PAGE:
Stafford intentionally or accidentally (I suspect the former) mirrored in Illumination and Draconic Mysticism the terrestrial differences between liberation in the Hindu tradition (specifically Advaita Vedanta) and in the Buddhist tradition (specifically the older Theravada tradition).  

Advaita means “non dual” (and is a classic demonstration of Indo-European languages at work; “a” being a common prefix for “not” in English—atypical, asymmetrical—and “dva” looking suspiciously like the English “two” or “duo”).  Originated by one of the Indian subcontinent’s most famous religious philosophers, Shankara (788-820 CE), it has its roots in the much older Upanishads (rooted in the late Bronze Age).  Basically, in a gross over-simplification, the goal of Advaita is to overcome duality and realize that individual consciousness (atman) is the same as Cosmic Consciousness (Brahman).  The individual moves from “I am myself” to simply “I am.”  All of reality becomes a part of him. 

The Theravada tradition takes a much different approach.  Instead of identifying oneself with the All, it instead tasks the practitioner with embracing the concept of “I am not.”  It’s not embracing Oneness, but rather Nothingness.  Advaita wants you to realize that your individuality is an Illusion; you are in fact the Supreme Self.    Your consciousness is identical with the Consciousness from which the universe originates.  Theravada, on the other hand, pushes things further; it wants you to understand that Self is an Illusion as well.  From Therevada’s point of view, the Self cannot be “Supreme” on the simple grounds that if Self exists, it logically suggests a co-equal and opposite Not Self exists.  “I am this” automatically implies “I am not that.”  Clinging to the notion of a Self is a form of attachment.  Liberation means letting go of everything.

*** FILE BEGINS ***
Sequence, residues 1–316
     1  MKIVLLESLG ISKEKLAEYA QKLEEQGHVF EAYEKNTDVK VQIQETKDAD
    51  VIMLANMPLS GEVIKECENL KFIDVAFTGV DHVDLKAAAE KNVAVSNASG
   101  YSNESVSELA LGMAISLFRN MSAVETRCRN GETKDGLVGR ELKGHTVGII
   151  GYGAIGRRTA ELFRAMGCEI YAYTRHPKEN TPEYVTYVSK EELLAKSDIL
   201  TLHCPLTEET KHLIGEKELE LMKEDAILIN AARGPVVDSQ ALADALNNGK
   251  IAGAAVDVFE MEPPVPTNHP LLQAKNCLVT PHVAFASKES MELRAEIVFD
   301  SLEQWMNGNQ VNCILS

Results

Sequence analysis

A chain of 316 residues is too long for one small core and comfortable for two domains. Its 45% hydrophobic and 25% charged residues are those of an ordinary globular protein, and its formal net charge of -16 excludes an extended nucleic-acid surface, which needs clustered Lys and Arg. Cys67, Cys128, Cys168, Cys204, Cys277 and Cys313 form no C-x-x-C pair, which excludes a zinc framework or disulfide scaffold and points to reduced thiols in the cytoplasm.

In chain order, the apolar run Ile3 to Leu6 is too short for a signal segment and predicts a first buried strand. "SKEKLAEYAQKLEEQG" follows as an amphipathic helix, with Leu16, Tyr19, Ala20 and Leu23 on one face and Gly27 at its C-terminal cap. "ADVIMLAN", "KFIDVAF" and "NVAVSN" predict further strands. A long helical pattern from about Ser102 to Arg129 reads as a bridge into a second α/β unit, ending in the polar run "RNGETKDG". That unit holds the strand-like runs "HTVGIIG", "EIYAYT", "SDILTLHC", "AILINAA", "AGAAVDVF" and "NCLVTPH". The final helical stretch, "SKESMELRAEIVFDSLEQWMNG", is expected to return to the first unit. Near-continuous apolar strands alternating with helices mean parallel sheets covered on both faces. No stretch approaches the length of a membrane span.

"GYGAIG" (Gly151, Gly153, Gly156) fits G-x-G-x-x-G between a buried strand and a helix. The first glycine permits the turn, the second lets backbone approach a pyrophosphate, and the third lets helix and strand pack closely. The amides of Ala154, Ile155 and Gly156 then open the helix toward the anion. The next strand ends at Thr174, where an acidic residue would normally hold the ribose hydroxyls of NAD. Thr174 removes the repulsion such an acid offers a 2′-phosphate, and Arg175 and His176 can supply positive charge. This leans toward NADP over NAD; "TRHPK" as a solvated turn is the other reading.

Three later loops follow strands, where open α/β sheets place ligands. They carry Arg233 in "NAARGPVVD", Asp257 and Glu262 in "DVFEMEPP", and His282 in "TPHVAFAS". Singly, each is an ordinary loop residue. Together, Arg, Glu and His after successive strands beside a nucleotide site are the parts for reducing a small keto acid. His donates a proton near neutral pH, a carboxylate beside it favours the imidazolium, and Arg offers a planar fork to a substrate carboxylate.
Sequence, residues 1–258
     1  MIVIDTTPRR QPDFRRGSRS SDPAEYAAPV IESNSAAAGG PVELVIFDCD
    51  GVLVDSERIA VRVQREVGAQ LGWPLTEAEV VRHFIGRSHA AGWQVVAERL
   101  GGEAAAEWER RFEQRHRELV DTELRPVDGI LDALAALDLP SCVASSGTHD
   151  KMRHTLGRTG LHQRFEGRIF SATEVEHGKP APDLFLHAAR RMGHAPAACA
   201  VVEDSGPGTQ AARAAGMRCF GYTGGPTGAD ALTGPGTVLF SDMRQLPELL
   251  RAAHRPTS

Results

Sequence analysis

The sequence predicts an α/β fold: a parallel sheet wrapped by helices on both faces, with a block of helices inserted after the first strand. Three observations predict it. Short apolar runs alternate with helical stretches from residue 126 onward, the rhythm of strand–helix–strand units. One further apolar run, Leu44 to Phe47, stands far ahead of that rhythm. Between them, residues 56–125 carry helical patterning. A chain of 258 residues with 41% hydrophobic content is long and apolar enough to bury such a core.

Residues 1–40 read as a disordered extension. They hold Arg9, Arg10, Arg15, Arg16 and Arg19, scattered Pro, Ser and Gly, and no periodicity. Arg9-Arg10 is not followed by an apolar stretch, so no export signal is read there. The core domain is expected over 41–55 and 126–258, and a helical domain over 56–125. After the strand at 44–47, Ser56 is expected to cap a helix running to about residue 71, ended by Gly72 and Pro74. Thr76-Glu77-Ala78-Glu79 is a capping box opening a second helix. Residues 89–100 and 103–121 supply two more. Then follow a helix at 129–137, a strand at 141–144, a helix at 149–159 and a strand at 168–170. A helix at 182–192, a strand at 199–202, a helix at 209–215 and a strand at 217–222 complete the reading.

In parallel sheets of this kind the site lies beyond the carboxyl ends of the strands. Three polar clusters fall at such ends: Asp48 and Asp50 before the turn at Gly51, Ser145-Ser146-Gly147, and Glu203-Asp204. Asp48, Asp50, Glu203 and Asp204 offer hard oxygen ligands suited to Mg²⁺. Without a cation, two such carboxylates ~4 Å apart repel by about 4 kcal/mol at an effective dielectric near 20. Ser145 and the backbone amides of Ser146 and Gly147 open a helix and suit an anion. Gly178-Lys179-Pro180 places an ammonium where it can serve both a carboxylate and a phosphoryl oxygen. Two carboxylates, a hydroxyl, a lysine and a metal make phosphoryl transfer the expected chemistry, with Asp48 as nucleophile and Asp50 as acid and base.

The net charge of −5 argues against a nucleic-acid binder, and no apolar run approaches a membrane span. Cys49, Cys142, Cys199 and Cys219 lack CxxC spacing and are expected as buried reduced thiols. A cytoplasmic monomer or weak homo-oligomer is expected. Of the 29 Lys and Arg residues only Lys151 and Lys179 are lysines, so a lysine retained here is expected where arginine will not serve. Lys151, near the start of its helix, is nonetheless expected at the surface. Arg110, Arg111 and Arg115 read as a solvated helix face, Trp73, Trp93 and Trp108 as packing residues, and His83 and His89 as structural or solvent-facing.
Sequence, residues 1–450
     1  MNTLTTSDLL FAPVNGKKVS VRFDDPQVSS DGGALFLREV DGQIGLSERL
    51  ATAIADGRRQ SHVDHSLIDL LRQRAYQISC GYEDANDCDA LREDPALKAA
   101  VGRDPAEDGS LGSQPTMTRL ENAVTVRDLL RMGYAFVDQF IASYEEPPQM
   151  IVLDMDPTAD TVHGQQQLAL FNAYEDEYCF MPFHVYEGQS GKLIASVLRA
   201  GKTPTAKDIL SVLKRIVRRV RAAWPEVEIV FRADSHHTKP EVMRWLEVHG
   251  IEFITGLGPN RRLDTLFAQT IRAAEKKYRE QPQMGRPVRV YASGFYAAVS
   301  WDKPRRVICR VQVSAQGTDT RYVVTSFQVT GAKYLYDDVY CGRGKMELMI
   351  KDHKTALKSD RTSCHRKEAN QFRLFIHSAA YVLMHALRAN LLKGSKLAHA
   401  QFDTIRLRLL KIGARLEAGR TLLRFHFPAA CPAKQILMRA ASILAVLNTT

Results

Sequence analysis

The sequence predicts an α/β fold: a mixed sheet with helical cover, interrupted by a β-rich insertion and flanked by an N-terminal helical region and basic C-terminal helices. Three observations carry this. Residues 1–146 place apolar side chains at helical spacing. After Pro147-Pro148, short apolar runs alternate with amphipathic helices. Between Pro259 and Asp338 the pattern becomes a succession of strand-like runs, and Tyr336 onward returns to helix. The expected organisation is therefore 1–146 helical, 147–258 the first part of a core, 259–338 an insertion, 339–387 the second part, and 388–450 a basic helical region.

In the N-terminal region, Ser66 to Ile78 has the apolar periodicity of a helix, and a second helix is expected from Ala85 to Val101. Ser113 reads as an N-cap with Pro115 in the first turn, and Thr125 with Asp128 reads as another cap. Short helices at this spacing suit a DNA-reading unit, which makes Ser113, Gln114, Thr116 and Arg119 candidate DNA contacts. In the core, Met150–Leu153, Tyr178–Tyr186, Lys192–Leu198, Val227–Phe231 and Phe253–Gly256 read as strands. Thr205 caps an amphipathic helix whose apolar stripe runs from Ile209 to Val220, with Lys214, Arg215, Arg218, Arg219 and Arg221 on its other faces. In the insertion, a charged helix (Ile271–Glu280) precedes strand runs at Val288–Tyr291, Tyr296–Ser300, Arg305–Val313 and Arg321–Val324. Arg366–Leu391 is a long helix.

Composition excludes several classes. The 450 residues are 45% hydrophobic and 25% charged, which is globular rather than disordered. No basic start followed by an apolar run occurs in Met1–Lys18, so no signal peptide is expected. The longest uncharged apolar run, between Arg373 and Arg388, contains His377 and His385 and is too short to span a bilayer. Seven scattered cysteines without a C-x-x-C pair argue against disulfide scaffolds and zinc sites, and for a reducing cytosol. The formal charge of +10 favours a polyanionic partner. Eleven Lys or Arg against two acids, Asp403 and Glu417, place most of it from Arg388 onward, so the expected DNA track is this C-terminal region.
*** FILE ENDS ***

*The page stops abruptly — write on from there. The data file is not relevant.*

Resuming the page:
Here we reach the dilemma both Nysalor and the Red Goddess faced.  Both tried to become the All.  They believed they could reach the highest level of reality by embracing everything, including Chaos.  Yet despite preaching a doctrine of liberation, neither was able to “let go” of the world. Both ruled governments and attempted to expand their hold over more and more of the world.  Both proselytized.  Both involved themselves in politics.  Both had enemies.  The Red Goddess, a particularly egregious offender, had the audacity to think she could be both Life and Death, Chaos and Order, and that cyclicity was some sort of solution to the problem of containing contradictions.  Yet in her, these polar forces remain polar.  She cannot possibly reconcile the opposites within her so long as she continues to acknowledge their individual essence.  So long as Life is Life and Death is Death, they always remain opposites.  You have failed to unite them.